| BIRMINGHAM, England
BIRMINGHAM, England Prime Minister Theresa May laid out her vision for post-Brexit Britain on Wednesday, calling for a new approach to government that serves working-class people who voted to leave the European Union in protest at the elite.
Appointed just three months ago after the referendum on EU membership forced the resignation of her predecessor David Cameron, May sought in her closing speech at the ruling Conservative Party conference to stamp her authority on government.
Earlier in the week, she had placated the eurosceptic wing of her party by vowing to restore sovereignty to Britain and controls over migration in Brexit talks.
Now she pitched for the centre ground, calling on party members to appeal to millions of traditional Labour voters who defied the opposition party's pro-EU stance and voted for Brexit. She wants the Conservatives to shed their image as what she has called "the nasty party" that protects the rich and powerful at the expense of the poor.
"So if you're a boss who earns a fortune but doesn't look after your staff, an international company that treats tax laws as an optional extra ..., a director who takes out massive dividends while knowing that the company pension is about to go bust, I'm putting you on warning," she said to a huge cheer.
"This can't go on anymore," May said in what was widely seen as a reference to British retail tycoon Philip Green who has been blamed for the collapse of department store BHS this year after he sold the business in 2015 to a serial bankrupt.
It was a clear break with Cameron, who was often criticised for protecting the "rich and powerful", some of whom attended the elite Eton public school with him and moved in similar upscale social circles.
May herself lives in a wealthy village in the bucolic Thames Valley, but was primarily educated in state schools.
"(We have) a bold plan to bring Britain together, to build a new, united Britain rooted in the centre ground, an agenda for a new, modern Conservatism that understands the good government can do, that will never hesitate to face down the powerful when they abuse their position of privileged, that will always act in the interest of ordinary, working-class people," she said.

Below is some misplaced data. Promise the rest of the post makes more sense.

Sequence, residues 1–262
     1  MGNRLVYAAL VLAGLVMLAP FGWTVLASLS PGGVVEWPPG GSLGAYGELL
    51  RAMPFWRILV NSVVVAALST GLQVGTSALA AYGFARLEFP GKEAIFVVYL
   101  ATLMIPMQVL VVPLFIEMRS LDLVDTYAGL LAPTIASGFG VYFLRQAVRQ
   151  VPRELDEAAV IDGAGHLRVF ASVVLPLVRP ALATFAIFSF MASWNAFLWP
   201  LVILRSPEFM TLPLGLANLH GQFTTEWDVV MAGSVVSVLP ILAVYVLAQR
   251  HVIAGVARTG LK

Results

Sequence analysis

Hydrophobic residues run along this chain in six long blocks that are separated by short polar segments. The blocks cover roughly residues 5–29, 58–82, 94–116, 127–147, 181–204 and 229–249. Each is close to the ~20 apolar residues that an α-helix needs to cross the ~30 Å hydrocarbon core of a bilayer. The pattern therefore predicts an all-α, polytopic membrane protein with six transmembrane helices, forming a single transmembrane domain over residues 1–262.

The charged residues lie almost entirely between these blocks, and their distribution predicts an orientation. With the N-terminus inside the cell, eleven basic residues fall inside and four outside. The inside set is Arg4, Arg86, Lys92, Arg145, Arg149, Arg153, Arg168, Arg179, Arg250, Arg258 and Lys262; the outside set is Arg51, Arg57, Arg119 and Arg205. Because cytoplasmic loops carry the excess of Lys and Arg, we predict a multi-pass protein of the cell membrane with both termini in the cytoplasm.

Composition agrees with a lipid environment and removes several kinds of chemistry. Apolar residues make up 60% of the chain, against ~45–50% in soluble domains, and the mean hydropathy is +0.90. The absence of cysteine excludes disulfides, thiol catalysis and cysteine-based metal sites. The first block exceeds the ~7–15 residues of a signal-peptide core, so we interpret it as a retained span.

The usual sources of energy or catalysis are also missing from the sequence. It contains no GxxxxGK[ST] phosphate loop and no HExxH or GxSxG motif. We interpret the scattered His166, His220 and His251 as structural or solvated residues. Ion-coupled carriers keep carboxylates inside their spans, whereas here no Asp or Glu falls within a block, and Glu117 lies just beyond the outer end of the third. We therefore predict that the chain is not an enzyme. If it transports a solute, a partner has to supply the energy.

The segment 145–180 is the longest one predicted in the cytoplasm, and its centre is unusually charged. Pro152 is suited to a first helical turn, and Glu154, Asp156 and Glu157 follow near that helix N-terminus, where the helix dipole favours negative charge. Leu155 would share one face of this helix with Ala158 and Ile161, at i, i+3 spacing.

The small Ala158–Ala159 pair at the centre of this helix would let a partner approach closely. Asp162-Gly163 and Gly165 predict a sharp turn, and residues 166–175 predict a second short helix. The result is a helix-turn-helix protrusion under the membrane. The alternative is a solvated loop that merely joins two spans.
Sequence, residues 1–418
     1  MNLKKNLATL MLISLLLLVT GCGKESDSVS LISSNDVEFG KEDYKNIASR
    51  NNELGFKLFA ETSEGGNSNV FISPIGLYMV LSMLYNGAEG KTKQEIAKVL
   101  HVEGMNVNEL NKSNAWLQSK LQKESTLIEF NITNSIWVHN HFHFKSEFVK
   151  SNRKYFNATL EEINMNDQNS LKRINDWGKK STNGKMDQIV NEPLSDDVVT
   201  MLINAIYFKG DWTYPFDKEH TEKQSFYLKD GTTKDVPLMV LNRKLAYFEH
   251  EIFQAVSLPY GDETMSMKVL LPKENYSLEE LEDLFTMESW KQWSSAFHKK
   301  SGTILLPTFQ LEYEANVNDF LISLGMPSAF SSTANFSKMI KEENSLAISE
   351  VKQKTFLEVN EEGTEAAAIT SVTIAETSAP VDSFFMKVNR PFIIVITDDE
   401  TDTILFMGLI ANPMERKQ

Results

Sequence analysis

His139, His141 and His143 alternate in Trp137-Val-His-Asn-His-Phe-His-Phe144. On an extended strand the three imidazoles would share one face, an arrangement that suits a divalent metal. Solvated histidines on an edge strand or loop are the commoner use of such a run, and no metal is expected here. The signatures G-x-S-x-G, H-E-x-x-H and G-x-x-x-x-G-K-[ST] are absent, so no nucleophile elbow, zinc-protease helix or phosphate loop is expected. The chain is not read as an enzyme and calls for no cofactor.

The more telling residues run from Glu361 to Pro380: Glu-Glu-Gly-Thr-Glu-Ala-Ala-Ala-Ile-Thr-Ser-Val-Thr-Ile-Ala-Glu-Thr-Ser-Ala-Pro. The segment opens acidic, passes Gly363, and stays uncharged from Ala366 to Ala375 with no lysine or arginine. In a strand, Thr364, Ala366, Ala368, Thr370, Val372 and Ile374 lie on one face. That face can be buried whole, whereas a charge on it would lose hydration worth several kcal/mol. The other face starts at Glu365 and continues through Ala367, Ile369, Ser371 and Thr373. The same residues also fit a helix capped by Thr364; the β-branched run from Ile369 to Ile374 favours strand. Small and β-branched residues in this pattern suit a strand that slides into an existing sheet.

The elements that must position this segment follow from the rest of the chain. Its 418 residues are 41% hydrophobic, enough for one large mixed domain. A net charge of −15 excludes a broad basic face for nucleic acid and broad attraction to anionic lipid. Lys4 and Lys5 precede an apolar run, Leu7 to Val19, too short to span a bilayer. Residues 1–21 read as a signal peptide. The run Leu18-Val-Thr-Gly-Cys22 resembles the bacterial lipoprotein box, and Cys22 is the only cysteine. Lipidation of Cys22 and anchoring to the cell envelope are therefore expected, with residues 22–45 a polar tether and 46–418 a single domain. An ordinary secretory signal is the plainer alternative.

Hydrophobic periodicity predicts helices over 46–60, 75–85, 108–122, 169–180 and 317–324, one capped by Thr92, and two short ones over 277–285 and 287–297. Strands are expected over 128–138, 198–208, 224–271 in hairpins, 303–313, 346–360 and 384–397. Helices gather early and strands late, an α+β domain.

After several standing ovations during the speech -- and loud applause when she walked on the stage to the Rolling Stones song "Start Me Up" -- many of the Tory faithful in the audience praised her call for change.
But, at the same time some questioned whether the former interior minister would be able to carry it through such an ambitious agenda.
"It's been more about the establishment before, but it is centre-ground now isn't it? It's for everybody," Roy Hewlett, a healthcare worker and long-term Conservative voter.
"The big problem here is delivering. The vision was brilliant, but actually delivering that vision is going to be really difficult."
Her aides say the leader is keen to tackle the underlying causes of why millions of Britons, especially in the former industrial north of England, voted against the establishment at the June 23 referendum and in favour of leaving the EU.
May said that with Labour deeply divided since the re-election of leftist leader Jeremy Corbyn, it was time for the Conservatives to snatch the opposition party's mantle as "the party of the workers".
"So let's have no more of Labour's absurd belief that they have a monopoly on compassion ... Let's make clear that they have given up the right to call themselves the party of the NHS (National Health Service), the party of the workers, the party of public servants," she said.
Since May was appointed prime minister, the Conservatives have maintained an opinion poll lead of around 8 percentage points over Labour.
Her own approval ratings as a leader dwarf Corbyn's. A poll late last month said only 16 percent of voters thought Labour was likely to win the next election under Corbyn, compared with 65 percent for the Conservatives under May.
Some critics say she is only enjoying a political honeymoon, but May hopes to take advantage of the turmoil in Labour and the anti-EU UK Independence Party, which has lost its new leader after just 18 days, before an election due in 2020.
"Change has got to come," May said, using a phrase she repeated seven times throughout her speech.
"Because if we don't respond - if we don't take this opportunity to deliver the change people want - resentments will grow. Divisions will become entrenched. And that would be a disaster for Britain."
(writing by Elizabeth Piper; Editing by Mark Trevelyan)